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Turning Over New Leaf

Wednesday, August 25, 2010

Supreme Grandmaster Tiger “Sang Soo” Kim






Supreme Grandmaster Tiger “Sang Soo” Kim








To this day, I am extremely proud that I was trained for many years by the late, great Grandmaster Tiger "Sang Soo" Kim. In so many ways, he positively altered the course of my life and the lives of my family members. He was a mentor and a friend, and I deeply miss his companionship and guidance. From Madison Square Garden to West Point Military Academy, and even to training Mohammad Ali for a major fight in Japan, Tiger Kim was the best of all time. There are two valuable principles I was given by this great man, which as a young person forged my future. They continue to guide my actions today:

1. Always finish what you start

2. Nothing is impossible to a willing mind

Those who know me can attest to the fact that these words motivate me daily. They are precious gifts from my mentor. He will always have my undying respect.

I am also thrilled that I have been able to stay in touch with Grandmaster Kim's sons, under whom I also trained hard and learned valuable life lessons. They are two of the nicest people I have ever had the pleasure to know, and their skills and guidance are second to none. Grandmasters Simon and James Kim, known as the Tiger Twins, will forever be my friends. In addition to being Hollywood action stars in movies with celebrities such as Jackie Chan, Chuck Norris, Steven Segal and Arnold Schwarzeneggar, the Tiger Twins are caring, "real" human beings who always give back to their communities, from New York to Los Angeles. Check out their website:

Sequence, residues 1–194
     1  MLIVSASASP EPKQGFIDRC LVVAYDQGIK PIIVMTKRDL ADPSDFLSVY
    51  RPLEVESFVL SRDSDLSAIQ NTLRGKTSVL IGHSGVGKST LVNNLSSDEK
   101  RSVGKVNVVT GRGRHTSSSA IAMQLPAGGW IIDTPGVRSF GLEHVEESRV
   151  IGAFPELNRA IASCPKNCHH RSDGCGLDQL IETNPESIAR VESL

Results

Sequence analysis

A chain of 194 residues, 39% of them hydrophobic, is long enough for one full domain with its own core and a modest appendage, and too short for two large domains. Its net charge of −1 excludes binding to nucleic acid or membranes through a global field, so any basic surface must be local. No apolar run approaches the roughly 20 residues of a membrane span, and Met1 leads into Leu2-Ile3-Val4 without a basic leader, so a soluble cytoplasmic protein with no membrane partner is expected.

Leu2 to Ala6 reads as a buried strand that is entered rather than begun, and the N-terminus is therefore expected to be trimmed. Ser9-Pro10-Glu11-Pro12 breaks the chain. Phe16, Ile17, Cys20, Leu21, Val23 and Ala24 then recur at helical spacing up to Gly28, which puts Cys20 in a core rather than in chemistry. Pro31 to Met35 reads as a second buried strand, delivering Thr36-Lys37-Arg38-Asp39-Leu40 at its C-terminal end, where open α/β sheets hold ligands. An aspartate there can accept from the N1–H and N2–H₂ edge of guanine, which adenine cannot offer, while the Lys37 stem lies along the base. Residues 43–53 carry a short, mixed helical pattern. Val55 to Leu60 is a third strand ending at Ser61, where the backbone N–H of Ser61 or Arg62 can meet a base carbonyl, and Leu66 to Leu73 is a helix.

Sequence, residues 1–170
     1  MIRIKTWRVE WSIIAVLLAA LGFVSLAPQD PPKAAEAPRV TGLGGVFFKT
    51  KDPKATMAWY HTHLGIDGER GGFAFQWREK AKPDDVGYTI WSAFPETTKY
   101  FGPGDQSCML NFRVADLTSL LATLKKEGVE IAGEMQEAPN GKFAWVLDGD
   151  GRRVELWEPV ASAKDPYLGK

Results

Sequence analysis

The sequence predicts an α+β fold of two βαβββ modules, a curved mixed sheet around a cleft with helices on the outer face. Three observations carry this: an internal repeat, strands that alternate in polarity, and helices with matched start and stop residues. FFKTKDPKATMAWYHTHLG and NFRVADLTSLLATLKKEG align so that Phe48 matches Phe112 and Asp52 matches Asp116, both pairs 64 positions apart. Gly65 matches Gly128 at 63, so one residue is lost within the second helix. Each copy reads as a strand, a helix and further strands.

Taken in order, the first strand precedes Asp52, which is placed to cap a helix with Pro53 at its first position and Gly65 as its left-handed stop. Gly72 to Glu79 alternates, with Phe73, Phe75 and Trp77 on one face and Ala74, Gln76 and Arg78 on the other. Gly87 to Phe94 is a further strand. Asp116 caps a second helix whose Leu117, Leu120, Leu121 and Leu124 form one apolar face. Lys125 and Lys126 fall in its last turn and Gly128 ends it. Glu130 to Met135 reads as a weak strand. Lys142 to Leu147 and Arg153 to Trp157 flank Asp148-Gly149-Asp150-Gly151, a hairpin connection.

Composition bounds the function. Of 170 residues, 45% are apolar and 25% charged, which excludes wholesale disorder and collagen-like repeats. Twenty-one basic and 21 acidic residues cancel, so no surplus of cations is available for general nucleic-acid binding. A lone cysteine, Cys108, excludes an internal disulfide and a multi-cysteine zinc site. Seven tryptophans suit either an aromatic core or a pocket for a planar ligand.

http://www.tigertwins.com/instructors.html

What a fantastic opportunity for children to gain self-confidence for success! I hope to have my grandchildren train at their Dojang in the future.

9 comments:

  1. JJ: We seem to have another thing in common: martial arts. I had the opportunity to study with Master Mario Perez, Shaolin Kung Fu. Being a little tired as I write this post reply, I will not remember more of the pesky details of style, etc. =) But, I had a few years with Miami Kung Fu Center...and they were the best for me. I still miss them and carry the lessons with me daily.

    I hope your grandchildren train at a wonderful Dojang in their future, too.

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  2. A-M: Fantastic! It's a style I am trying to learn now. I have been studying Chin Na, and it is tough. However, the real benefit with all the arts is in mental strength and determmination. Good for you!

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  3. "Nothing is impossible to a willing mind." I'll keep this quote in mind as I prepare for the challenging week ahead.
    I took my daughter to see the new Karate Kid. She loved it and I was impressed.
    What did you think of the martial arts choreography?

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  4. #167 Dad: I have not seen the movie. They are usually pretty good at choreography, but the public would be surprised to learn how many dangerous and difficult stunts are actually performed by the actors. I will have to see the movie and get back to you.